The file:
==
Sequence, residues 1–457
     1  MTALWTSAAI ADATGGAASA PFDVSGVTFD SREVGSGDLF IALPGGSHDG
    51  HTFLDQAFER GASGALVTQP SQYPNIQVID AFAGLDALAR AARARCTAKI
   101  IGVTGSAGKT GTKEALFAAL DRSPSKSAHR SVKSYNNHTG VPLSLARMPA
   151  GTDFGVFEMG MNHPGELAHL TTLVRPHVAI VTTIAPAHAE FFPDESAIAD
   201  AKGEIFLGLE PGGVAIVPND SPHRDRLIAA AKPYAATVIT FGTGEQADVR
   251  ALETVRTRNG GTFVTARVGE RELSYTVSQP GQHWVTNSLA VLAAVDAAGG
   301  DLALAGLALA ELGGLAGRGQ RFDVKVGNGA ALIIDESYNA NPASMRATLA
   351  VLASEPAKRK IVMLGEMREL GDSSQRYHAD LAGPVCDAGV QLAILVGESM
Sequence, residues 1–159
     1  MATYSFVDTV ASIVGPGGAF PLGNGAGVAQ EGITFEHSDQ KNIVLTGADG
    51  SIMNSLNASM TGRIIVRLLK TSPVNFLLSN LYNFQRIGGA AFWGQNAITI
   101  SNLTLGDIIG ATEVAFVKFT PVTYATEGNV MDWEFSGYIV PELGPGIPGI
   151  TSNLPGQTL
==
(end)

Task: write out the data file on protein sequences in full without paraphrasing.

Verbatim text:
Sequence, residues 1–457
     1  MTALWTSAAI ADATGGAASA PFDVSGVTFD SREVGSGDLF IALPGGSHDG
    51  HTFLDQAFER GASGALVTQP SQYPNIQVID AFAGLDALAR AARARCTAKI
   101  IGVTGSAGKT GTKEALFAAL DRSPSKSAHR SVKSYNNHTG VPLSLARMPA
   151  GTDFGVFEMG MNHPGELAHL TTLVRPHVAI VTTIAPAHAE FFPDESAIAD
   201  AKGEIFLGLE PGGVAIVPND SPHRDRLIAA AKPYAATVIT FGTGEQADVR
   251  ALETVRTRNG GTFVTARVGE RELSYTVSQP GQHWVTNSLA VLAAVDAAGG
   301  DLALAGLALA ELGGLAGRGQ RFDVKVGNGA ALIIDESYNA NPASMRATLA
   351  VLASEPAKRK IVMLGEMREL GDSSQRYHAD LAGPVCDAGV QLAILVGESM
Sequence, residues 1–159
     1  MATYSFVDTV ASIVGPGGAF PLGNGAGVAQ EGITFEHSDQ KNIVLTGADG
    51  SIMNSLNASM TGRIIVRLLK TSPVNFLLSN LYNFQRIGGA AFWGQNAITI
   101  SNLTLGDIIG ATEVAFVKFT PVTYATEGNV MDWEFSGYIV PELGPGIPGI
   151  TSNLPGQTL